As we celebrate another Yuletide season, it’s hard not to notice that Christmas in America simply doesn’t feel the same anymore. Although an overwhelming majority of Americans celebrate Christmas, and those who don’t celebrate it overwhelmingly accept and respect our nation’s Christmas traditions, a certain shared public sentiment slowly has disappeared. The Christmas spirit, marked by a wonderful feeling of goodwill among men, is in danger of being lost in the ongoing war against religion.
Through perverse court decisions and years of cultural indoctrination, the elitist, secular Left has managed to convince many in our nation that religion must be driven from public view. The justification is always that someone, somewhere, might possibly be offended or feel uncomfortable living in the midst of a largely Christian society, so all must yield to the fragile sensibilities of the few. The ultimate goal of the anti-religious elites is to transform America into a completely secular nation, a nation that is legally and culturally biased against Christianity.
This growing bias explains why many of our wonderful Christmas traditions have been lost. Christmas pageants and plays, including Handel’s Messiah, have been banned from schools and community halls. Nativity scenes have been ordered removed from town squares, and even criticized as offensive when placed on private church lawns. Office Christmas parties have become taboo, replaced by colorless seasonal parties to ensure no employees feel threatened by a “hostile environment.” Even wholly non-religious decorations featuring Santa Claus, snowmen, and the like have been called into question as Christmas symbols that might cause discomfort. Earlier this month, firemen near Chicago reluctantly removed Christmas decorations from their firehouse after a complaint by some embittered busybody. Most noticeably, however, the once commonplace refrain of “Merry Christmas” has been replaced by the vague, ubiquitous “Happy Holidays.” But what holiday? Is Christmas some kind of secret, a word that cannot be uttered in public? Why have we allowed the secularists to intimidate us into downplaying our most cherished and meaningful Christian celebration?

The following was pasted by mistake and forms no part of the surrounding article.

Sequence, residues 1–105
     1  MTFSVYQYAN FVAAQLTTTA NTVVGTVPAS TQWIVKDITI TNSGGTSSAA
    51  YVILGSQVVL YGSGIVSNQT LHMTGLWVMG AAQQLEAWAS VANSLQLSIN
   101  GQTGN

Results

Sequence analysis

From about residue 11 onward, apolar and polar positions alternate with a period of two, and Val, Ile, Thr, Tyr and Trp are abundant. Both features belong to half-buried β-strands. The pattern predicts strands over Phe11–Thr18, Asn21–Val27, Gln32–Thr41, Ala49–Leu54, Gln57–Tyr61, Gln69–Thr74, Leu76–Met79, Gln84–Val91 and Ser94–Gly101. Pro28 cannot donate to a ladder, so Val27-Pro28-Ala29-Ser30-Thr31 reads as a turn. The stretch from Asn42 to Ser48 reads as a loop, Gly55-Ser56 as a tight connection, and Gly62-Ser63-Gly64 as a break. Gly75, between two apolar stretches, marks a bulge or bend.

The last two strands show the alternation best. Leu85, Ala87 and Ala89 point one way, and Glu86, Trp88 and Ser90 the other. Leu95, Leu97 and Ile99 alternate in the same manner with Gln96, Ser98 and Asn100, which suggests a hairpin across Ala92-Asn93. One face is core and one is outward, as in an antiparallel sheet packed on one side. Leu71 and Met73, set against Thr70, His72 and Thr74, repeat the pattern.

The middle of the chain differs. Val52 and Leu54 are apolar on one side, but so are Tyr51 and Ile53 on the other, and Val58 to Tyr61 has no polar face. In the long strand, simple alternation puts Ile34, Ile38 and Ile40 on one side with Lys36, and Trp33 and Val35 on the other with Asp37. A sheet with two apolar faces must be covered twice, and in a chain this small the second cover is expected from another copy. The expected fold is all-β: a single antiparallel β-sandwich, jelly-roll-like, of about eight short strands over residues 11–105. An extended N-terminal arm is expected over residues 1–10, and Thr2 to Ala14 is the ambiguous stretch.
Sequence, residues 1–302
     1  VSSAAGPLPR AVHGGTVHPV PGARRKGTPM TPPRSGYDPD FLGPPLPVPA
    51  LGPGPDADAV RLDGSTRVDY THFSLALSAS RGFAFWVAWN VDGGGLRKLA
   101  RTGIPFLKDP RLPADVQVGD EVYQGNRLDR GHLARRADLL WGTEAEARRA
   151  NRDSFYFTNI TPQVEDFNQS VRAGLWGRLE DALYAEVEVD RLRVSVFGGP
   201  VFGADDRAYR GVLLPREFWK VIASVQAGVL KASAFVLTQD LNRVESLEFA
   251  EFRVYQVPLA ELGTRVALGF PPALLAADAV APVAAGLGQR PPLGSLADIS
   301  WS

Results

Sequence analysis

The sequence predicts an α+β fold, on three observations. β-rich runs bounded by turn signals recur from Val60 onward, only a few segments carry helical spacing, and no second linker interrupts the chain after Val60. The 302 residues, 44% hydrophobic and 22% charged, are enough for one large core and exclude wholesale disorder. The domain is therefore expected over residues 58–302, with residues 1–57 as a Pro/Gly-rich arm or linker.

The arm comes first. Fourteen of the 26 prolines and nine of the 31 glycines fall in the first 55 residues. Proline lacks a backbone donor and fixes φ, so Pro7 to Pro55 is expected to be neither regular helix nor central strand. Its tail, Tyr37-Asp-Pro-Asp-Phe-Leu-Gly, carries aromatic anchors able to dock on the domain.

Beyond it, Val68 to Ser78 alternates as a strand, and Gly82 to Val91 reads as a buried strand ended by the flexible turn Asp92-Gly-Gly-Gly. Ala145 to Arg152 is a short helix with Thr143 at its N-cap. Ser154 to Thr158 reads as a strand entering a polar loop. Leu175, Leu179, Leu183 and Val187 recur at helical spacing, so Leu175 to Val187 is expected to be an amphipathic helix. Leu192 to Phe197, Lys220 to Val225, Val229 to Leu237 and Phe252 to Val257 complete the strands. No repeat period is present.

The notion of a rigid separation between church and state has no basis in either the text of the Constitution or the writings of our Founding Fathers. On the contrary, our Founders’ political views were strongly informed by their religious beliefs. Certainly the drafters of the Declaration of Independence and the Constitution, both replete with references to God, would be aghast at the federal government’s hostility to religion. The establishment clause of the First Amendment was simply intended to forbid the creation of an official state church like the Church of England, not to drive religion out of public life.
The Founding Fathers envisioned a robustly Christian yet religiously tolerant America, with churches serving as vital institutions that would eclipse the state in importance. Throughout our nation’s history, churches have done what no government can ever do, namely teach morality and civility. Moral and civil individuals are largely governed by their own sense of right and wrong, and hence have little need for external government. This is the real reason the collectivist Left hates religion: Churches as institutions compete with the state for the people’s allegiance, and many devout people put their faith in God before their faith in the state. Knowing this, the secularists wage an ongoing war against religion, chipping away bit by bit at our nation’s Christian heritage. Christmas itself may soon be a casualty of that war.
December 30, 2003
Dr. Ron Paul is a Republican member of Congress from Texas.
Michael is a comedian/VO artist/Columnist extraordinaire, who co-wrote an award-nominated comedy, wrote for NY Times Laugh Lines, guest-blogged for Joe Biden, and writes a column for MSNBC.com affiliated Cagle. Follow him on Twitter and Facebook. Seriously, follow him or he’ll send you a photo of Rush Limbaugh bending over in a thong.